financial_mutations_attributes = {}
  balance.each_with_index do |line, i|
    financial_mutations_attributes[i + 1] = {
      "date" => Time.zone.at(line.created).strftime("%d-%m-%Y"),
      "message" => line.id,
      "amount" => line.net
    }
  end
  financial_statement = {
    "financial_statement" => {
      "financial_account_id" => 00000,
      "reference" => payout_id,
      "official_date" => Time.zone.at(payout.created).strftime("%d-%m-%Y"),
      "official_balance" => "0",
      "financial_mutations_attributes" => financial_mutations_attributes
    }
  }

  Moneybird.create_financial_statement(financial_statement)
end

We end up with a financial statement a line for every payment. The amount for the payment does not include Stripe’s fee. We will see why that’s important in the next step.

The Payout Containing the Invoice is Transferred to Our Bank Account

If all goes well, the payout is transferred to our bank account a little while later. Stripe fires a payout.paid event. The following bookings tie everything together.

We loop through the Moneybird financial statement and fetch the right one from the Stripe payout. Remember that there is a difference between the transaction’s amount and the invoice’s amount: The fees have already been deducted.

Let’s use an example here:

We have an invoice with a total amount of EUR 50. The Stripe fee was EUR 1. The invoice is in our local currency (currency conversion is another topic that I’m leaving out of scope for this post).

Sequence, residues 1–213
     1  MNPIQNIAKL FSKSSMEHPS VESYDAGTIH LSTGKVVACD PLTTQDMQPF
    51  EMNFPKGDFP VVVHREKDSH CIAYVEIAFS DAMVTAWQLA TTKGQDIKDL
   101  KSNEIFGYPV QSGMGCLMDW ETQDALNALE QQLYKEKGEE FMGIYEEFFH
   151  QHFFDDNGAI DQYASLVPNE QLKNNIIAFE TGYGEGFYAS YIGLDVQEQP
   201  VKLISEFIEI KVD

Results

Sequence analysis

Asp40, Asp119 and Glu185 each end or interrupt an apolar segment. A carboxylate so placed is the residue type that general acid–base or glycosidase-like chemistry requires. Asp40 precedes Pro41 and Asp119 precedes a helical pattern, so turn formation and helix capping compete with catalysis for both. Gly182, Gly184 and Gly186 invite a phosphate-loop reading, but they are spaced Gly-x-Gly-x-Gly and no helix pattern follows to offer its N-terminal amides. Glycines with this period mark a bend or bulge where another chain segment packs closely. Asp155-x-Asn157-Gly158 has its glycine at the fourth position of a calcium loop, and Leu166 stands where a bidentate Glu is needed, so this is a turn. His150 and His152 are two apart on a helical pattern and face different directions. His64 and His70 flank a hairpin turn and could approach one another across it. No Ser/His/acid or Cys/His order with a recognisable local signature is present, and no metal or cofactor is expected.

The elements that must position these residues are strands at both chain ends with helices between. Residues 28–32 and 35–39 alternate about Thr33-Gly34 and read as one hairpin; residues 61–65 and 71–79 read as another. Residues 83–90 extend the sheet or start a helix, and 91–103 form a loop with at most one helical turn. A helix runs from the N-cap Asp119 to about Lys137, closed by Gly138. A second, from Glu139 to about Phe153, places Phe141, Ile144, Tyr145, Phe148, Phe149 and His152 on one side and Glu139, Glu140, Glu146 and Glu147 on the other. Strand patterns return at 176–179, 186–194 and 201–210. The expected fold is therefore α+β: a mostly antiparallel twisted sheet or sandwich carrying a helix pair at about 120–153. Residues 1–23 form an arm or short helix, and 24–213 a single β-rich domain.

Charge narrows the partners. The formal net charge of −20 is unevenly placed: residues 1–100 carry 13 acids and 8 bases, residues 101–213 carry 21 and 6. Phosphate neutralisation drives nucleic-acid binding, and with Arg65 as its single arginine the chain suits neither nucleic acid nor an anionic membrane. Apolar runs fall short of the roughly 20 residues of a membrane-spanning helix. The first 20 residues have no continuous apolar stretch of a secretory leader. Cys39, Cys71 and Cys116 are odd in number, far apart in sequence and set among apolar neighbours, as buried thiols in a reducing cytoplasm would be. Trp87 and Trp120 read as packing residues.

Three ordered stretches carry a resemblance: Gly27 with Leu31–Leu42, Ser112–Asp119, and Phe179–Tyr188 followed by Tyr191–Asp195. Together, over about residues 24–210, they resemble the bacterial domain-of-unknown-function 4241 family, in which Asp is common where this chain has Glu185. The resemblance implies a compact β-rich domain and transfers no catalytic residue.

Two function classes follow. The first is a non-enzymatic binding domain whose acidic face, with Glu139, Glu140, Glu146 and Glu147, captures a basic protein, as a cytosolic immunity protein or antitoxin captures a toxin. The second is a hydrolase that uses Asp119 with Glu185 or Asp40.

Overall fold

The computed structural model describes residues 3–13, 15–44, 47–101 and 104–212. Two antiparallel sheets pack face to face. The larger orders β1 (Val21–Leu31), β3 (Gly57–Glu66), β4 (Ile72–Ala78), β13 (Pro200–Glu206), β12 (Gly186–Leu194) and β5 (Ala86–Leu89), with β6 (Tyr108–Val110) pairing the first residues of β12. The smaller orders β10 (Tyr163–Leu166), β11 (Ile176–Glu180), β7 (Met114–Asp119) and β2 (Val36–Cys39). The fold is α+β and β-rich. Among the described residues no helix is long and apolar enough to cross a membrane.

We then find the Moneybird invoice for that line:

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mb_invoice = Moneybird.find_invoice(account.new_moneybird_contact_id, invoice)

Next up, we link up the booking to the invoice. We use the total amount for the invoice, EUR 50, in this case.

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Moneybird.link_booking(
  mutation["id"],
  "booking_type" => "SalesInvoice",
  "booking_id" => mb_invoice["id"],
  "price" => invoice.amount_due,
  "price_base" => line.amount
)

The invoice is now considered fully paid by Moneybird: The full amount was booked against a financial transaction.

This leaves the financial transaction in an unresolved state though. Its amount was EUR 49, we booked 50 against it. So its internal balance is now at EUR -1.

We resolve this with our final booking step. We have a normal cost category for all Stripe fees. We book the remaining negative amount on it:

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Moneybird.link_booking(
  mutation["id"],
  "booking_type" => "LedgerAccount",
  "booking_id" => 9999,
  "price_base" => fee.amount
)

The payout also includes a line with the total amount that’s transferred. We book both this transaction, and the equivalent transaction on our bank account against crossposts. This evens everything out to zero.

There you have it:

Yearly Report Time

At the beginning of the next year, it’s time for our accountant to start work on our books. They do most of their work within Moneybird and make sure any remaining inconsistencies are corrected.

Moneybird has a function that can create a standard audit file export. Our accountant uses that export to load all data into the software they use to do their audits and generate a yearly report.

Done

That’s it: Zero-touch SAAS bookkeeping while complying fully with the tax authority’s requirements. Let me know if I can help with some more code samples!